Why are we having all these powercuts? And why doesn’t anyone seem to be able to do anything about it? We dig into every aspect of power generation in this country: from the power plants, to their output, to how we ran out of fuel to keep the lights on.

January 23, 2022

Read this article in සිංහල | தமிழ்


Story and analysis by Yudhanjaya Wijeratne. Edited by Aisha Nazim. Translations by Mohamed Fairooz, Nadim Majeed.

Updated 30th March, 2022.

A note of recent events

Unfortunately, we’ve had a bit of a wild ride with electricity recently.

On the 10th of January, the Ceylon Electricity Board (CEB) confirmed that scheduled powercuts would happen on the back of a complex load shedding schedule.

The reasons given differed by source – many newspapers cited a breakdown of the Sojitz power station, a private thermal power generator that puts out 163 MW of power and counts itself as part of the Kelanitissa power plant. Our own fact-checking showed a slightly broader set of issues. CEB suffered massive power losses to the tune of at least 800MW. [1]

In public statements, the CEB was unsure of its supply of fuel to run even existing infrastructure. A.G.U Nishantha, President of the CEB Technological Engineers and Superintendents' Union, confirmed that the Ceylon Petroleum Corporation (CPC), which supplies CEB with fuel, had asked the CEB to settle their debts. He noted that the CEB’s ongoing inability to purchase fuel put the the country at risk for more long term power failures in the future.

However, just a day later, the Government got together; the President called an emergency meeting, and assured uninterrupted power supply.  CEB would settle that Rs 18 billion of its debt to CPC; the Central Bank of Sri Lanka would release forex for CEB’s urgent coal imports; and everything would go back to being wonderful. The CPC agreed to lob some fuel at the CEB, the CEB announced that power was back on the menu; no more load shedding, no more panic, the public would be able to go about their business.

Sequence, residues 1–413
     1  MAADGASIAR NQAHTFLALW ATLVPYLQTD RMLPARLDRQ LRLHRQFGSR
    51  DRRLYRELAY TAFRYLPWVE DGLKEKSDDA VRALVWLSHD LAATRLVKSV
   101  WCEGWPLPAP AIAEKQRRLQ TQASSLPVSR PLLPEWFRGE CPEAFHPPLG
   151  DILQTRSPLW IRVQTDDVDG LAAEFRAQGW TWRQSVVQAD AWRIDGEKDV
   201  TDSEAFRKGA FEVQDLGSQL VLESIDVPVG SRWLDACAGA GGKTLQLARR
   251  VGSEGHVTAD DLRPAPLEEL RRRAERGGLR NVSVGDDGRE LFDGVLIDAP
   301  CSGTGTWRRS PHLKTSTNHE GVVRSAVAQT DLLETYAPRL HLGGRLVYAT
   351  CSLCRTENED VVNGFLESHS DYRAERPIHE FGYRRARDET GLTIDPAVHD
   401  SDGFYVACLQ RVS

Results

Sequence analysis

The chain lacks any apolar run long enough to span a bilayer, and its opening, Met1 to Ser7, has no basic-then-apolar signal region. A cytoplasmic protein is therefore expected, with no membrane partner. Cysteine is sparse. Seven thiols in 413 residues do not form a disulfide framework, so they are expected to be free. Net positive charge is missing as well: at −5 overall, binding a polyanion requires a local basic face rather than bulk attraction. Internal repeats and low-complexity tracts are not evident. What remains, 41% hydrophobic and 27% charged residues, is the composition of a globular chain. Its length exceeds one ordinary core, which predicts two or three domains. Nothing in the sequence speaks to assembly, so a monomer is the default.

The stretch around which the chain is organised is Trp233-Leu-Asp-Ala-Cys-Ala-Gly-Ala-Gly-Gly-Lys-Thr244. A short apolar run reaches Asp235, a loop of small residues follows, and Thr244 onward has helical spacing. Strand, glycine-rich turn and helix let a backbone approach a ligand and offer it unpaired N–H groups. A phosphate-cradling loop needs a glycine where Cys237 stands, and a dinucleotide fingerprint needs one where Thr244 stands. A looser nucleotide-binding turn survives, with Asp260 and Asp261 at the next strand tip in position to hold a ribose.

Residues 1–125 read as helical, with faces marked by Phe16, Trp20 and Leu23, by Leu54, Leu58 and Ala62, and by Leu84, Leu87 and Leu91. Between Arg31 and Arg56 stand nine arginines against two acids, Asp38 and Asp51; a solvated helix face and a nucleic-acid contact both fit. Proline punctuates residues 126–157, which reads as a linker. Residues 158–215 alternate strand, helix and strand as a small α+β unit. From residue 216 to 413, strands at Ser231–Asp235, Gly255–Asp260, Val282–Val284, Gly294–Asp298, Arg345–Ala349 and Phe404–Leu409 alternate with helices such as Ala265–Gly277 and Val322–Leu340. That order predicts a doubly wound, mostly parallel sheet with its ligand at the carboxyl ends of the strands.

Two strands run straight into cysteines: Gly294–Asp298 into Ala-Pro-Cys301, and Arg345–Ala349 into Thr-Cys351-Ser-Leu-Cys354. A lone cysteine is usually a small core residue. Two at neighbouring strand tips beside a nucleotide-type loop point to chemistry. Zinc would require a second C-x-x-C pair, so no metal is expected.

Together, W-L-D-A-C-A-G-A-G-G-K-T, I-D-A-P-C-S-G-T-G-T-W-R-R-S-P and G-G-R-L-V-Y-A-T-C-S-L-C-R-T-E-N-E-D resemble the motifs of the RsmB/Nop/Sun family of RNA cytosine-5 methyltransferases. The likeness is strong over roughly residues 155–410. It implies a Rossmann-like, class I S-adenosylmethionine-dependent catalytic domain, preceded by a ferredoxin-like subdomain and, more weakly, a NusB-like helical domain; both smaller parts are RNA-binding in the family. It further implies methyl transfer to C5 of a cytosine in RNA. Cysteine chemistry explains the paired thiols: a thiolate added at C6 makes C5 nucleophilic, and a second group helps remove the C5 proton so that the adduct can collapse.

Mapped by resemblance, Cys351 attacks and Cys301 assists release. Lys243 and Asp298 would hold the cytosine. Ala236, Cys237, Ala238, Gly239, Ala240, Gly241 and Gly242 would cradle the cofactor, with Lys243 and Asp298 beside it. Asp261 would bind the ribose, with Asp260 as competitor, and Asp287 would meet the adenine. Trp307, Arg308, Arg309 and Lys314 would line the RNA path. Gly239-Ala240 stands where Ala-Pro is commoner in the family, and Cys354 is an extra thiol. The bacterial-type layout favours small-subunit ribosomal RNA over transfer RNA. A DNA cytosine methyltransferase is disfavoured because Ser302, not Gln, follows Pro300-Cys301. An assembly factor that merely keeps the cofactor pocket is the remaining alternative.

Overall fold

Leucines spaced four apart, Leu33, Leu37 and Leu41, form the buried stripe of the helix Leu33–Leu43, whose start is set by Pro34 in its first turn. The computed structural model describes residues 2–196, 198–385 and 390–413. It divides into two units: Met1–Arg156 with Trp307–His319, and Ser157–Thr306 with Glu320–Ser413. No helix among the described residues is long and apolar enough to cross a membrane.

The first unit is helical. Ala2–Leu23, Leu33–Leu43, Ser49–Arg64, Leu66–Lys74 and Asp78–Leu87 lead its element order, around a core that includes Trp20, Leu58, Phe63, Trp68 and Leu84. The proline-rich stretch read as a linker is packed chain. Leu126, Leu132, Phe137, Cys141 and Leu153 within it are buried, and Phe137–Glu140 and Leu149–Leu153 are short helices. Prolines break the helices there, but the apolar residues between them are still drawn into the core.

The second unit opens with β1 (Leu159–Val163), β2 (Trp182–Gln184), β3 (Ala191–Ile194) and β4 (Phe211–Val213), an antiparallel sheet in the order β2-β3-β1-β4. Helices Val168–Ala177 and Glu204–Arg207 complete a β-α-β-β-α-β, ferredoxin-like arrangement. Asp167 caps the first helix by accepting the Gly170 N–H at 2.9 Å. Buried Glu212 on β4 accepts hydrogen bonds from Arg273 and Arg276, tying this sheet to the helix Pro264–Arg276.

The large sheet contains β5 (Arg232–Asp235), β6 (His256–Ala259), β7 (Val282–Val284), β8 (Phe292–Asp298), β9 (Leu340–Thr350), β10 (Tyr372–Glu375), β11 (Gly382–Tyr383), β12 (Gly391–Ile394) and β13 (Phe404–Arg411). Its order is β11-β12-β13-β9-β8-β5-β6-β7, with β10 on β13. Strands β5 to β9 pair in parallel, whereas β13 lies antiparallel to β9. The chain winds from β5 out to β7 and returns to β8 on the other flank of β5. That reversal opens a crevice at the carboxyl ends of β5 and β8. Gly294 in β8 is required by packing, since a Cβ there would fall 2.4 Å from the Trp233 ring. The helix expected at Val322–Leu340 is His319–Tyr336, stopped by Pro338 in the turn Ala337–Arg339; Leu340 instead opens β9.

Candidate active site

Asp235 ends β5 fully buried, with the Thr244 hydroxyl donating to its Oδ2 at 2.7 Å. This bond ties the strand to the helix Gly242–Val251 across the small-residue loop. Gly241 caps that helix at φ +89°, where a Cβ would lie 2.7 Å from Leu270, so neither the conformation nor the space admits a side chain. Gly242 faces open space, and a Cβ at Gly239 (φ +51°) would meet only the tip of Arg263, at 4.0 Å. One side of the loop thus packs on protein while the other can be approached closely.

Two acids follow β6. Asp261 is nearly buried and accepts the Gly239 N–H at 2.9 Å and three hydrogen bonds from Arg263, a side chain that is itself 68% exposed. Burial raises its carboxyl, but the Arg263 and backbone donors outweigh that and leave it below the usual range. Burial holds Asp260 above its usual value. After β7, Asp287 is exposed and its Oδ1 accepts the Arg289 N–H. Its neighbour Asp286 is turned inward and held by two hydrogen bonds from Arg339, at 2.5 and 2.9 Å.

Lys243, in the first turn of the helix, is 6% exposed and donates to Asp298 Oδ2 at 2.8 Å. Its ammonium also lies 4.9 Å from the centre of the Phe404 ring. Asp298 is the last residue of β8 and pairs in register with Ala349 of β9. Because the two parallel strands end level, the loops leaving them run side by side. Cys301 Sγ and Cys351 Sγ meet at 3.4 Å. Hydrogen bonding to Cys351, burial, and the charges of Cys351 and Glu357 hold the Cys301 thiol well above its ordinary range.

Despite the promises by both the political infrastructure and the CEB, there have indeed been powercuts. On the 14th of January, we ran a survey asking people whether they had gone through powercuts over the last seven days, and verified that the political propaganda was just that - propaganda [2]. Fast forward to today, and we know power cuts are happening. 10 hours a day, with more to come. It’s gotten so bad that we’re crowdsourcing places to work from. A.G.U. Nishantha’s words now have the tinge of prophecy (or good statistics).

So. Why are we in this mess?

How do we get our electricity, anyway?

Let’s start with what we know.  To understand the state of power generation in Sri Lanka, we dug into three sources: the CEB’s 2019 annual reports, which details the past;  the long-term generation expansion plan for years 2022-2041 by The Generation Planning Unit of the CEB, which details the future and looks back to historic trends; and data from the Global Energy Monitor, a database of power stations.

Here’s a map of generation in the country.


Let’s make this easier to understand. Sri Lanka has three main types of power stations powering our national grid. They are: thermal (that is to say, fuel-powered, be they oil or coal), hydropower, and renewables. These three types of energy either come from CEB or IPPs - independent, private power plants that supply the national grid.